This is the caminar juntos that Rondine promotes. It makes possible the discovery of each other’s most profound dignity.

When Pope Francis welcomed Rondine students to the Vatican last week, he praised the way the World House works, saying, “Your educational commitment is to host young people who, in various parts of the world, live stranded in cultures poisoned by pain and hatred, and to offer them a bold challenge: to verify in person whether the other, he or she who is beyond a closed boundary of barbed wires or impassable walls, is really what everyone claims: an enemy.” He said that in the last 20 years the Citadel of Peace has “developed a method capable of transforming conflicts,” precisely by transforming people in conflict, leading people out of the deception of mutual hostility and aversion and restoring in them a vivid sense of the other’s dignity.

After listening carefully to the Leaders for Peace appeal, Pope Francis responded by heartily giving his support, sympathy, and blessing to the cause and committed himself to ask other Heads of State and Government to do the same.

He underlined that there is a “need for leaders with a new mentality,” precisely those who know how to enter into the type of dialogue Rondine features. “Those who do not know how to dialogue and exchange with each other, … [who do] not try to meet the ‘enemy,’ to sit with him at the table as you do… cannot lead  people to peace.” He encouraged Rondine through its educational efforts to continue its work promoting dialogue between persons, generations, cultures and societies, pointing out that the more we respect each other’s dignity and rights, the easier it is for us to become aware that we belong to the same human community, and the easier it is to grasp the personal responsibility each of us has to make rather than break peace.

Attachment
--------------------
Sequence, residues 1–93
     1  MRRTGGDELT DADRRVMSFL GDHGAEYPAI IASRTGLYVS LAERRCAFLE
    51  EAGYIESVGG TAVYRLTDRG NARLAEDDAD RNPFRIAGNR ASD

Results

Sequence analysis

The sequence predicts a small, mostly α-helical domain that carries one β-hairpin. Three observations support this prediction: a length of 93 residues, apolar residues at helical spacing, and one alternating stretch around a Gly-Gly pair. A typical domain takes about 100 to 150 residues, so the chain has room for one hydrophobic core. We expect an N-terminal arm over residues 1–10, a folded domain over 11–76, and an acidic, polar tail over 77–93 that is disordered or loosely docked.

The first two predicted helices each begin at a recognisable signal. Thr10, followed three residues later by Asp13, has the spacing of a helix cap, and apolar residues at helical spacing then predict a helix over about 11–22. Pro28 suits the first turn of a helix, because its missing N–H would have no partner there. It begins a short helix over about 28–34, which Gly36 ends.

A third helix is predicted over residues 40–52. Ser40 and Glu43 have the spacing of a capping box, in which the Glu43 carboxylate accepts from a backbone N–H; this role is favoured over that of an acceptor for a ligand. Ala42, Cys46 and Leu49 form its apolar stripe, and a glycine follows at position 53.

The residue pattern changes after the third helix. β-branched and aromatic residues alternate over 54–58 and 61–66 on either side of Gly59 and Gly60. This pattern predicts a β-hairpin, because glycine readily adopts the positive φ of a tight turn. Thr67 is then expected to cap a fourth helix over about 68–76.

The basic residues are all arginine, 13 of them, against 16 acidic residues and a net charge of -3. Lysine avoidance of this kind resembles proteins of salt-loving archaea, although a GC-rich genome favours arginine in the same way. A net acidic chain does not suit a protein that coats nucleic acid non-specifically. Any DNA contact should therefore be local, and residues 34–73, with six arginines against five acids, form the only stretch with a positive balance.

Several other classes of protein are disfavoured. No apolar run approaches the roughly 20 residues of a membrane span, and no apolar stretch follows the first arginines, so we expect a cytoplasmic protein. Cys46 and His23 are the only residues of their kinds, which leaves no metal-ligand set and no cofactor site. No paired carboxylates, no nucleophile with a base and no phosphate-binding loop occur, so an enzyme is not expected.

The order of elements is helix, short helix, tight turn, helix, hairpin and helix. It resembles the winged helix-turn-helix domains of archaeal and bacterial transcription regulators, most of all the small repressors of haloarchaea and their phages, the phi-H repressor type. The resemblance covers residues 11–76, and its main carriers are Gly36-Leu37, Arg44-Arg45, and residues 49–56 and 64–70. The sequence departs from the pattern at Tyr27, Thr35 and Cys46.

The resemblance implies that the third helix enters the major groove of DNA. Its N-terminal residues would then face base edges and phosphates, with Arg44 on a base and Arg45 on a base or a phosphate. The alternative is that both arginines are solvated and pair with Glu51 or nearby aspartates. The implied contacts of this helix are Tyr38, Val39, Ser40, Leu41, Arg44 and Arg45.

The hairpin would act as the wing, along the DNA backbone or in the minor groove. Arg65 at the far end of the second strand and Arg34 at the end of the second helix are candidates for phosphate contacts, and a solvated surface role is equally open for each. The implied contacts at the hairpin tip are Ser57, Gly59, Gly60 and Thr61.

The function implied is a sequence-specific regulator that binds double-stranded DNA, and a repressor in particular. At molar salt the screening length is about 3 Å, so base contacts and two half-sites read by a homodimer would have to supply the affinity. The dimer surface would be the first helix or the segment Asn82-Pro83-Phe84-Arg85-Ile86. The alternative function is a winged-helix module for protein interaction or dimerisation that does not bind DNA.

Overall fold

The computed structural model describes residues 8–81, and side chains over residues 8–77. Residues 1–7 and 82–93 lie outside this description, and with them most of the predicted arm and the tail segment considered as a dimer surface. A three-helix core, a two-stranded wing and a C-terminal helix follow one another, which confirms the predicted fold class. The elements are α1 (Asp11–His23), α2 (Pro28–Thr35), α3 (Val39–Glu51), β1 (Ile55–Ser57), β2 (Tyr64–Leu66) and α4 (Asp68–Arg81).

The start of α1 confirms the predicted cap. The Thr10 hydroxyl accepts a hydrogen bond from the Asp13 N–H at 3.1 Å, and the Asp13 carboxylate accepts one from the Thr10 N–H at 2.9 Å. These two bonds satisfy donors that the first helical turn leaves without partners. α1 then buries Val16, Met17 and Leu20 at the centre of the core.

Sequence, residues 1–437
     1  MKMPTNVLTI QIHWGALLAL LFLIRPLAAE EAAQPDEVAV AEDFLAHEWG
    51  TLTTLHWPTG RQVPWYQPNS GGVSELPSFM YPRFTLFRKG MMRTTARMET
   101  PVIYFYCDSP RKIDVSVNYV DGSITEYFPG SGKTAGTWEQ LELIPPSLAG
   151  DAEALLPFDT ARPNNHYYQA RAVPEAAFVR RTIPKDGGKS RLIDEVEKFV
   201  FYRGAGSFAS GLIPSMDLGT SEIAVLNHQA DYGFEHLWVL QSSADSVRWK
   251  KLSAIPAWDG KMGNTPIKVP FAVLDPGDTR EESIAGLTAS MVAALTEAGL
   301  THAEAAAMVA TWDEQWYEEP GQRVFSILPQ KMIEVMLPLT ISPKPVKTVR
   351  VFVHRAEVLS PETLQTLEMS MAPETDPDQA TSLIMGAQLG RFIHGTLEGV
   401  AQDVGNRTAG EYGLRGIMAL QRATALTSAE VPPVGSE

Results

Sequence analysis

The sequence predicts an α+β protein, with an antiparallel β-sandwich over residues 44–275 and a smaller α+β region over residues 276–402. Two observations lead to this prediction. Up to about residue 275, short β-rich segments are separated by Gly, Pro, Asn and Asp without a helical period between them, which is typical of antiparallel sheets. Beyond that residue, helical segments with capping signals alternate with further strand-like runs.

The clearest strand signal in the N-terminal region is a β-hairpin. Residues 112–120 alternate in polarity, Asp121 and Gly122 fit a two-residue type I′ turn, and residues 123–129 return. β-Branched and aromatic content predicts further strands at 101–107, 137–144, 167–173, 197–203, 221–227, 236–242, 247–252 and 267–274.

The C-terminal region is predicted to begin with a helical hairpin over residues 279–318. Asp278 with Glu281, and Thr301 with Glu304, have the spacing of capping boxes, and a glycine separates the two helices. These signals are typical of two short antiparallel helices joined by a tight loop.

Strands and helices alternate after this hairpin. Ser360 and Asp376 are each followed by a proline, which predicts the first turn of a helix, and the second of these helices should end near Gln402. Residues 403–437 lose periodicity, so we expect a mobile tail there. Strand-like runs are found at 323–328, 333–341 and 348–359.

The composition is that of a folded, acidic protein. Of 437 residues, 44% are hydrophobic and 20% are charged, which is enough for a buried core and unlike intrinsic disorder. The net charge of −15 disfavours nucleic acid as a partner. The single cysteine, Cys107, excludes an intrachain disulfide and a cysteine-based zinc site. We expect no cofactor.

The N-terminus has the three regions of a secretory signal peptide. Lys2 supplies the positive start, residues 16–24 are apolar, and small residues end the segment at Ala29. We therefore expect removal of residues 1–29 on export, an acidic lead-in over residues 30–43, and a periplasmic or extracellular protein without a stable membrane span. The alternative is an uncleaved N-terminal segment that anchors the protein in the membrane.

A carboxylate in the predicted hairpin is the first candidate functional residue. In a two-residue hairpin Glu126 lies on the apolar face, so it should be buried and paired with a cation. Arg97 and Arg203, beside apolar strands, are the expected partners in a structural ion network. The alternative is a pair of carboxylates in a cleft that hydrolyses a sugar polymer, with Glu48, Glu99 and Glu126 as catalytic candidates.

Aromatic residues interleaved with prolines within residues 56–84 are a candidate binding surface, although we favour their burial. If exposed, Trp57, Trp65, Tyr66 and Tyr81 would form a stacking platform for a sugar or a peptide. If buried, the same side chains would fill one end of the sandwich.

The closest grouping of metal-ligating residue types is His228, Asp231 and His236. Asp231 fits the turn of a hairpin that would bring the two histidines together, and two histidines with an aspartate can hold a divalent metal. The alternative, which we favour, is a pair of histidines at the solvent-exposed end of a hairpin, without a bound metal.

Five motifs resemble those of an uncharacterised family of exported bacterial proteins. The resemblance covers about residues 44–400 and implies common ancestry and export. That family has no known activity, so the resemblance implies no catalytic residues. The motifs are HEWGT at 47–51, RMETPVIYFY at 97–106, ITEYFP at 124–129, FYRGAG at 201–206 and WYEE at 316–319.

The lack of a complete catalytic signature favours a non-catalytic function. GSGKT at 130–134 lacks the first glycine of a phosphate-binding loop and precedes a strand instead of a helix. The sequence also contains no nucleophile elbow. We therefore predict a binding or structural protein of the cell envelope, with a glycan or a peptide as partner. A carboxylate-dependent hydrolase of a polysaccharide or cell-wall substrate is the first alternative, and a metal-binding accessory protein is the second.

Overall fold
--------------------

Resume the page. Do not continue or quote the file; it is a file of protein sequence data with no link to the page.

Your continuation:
On this day in which the international community looks back 70 years with awe and gratitude for what has been accomplished as a result of the Universal Declaration of Human Rights, we also look ahead with hope that Rondine’s Leaders for Peace Appeal will, in fact, form new generations of leaders to prosper the cause of peace and the promotion of respect for human dignity and the inalienable human rights that make peace possible.

Thank you.

Copyright © 2018 Permanent Observer Mission of the Holy See to the United Nations, All rights reserved.

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Canada: Christmas Message of Canadian Conference of Catholic Bishops

12/11/2018 - 6:24pm

The Canadian Conference of Catholic Bishops on December 10, 2018, released its 2018 message for Christmas. It is signed by Bishop Lionel Gendron, P.S.S., Bishop of Saint-Jean-Longueuil and President of the Canadian Conference of Catholic Bishops.

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My dear friends,

Christmas! Christmastime again! We love this celebration and get ready for it enthusiastically, hoping everything will be perfect. Our preparations take many forms, spiritual and more interior, material and more external. Too often perhaps, the external preparations can take away from preparing hearts as Advent invites us to do. Without always realizing it, getting gifts and meals ready, inviting and visiting our loved ones, decorating our homes and even our churches can take on more importance than Advent. But it is the spiritual and religious journey Advent offers which lets the birth of Jesus open our hearts to the grace of Christmas and fill every dimension of our lives with unique joy.

Is there some way to unite our material and spiritual preparations for Christmas? Here is a suggestion.

When Advent and Christmas come around, one thing, in particular, catches my attention: the multitude of lights sparkling around us. They shine not only from Christmas trees, but also in the streets near where we live, in our workplaces, and in our parishes. These dazzling lights seem to me an invitation to see Christmas as a mystery of light and, like the elderly Simeon in the Gospel of Luke, discover in the Child lying in the manger the true Light revealed to the nations.

A mere glance at our world is enough to note how deep is the darkness covering it. A darkness that hinders clear vision, leads to a loss of meaning and identity and sows death. So many in the world today are anxious, often anguished.

Thus the pressing need – for the world’s well-being – to live the mystery of Christmas and discover the Newborn in Bethlehem, the One who is “the light of the world. Whoever follows me will never walk in darkness but will have the light of life.” (John 8:12) Live Christmas as the revelation of Light. Walk in that Light. Reveal that Light through our personal witness. That should be our aim!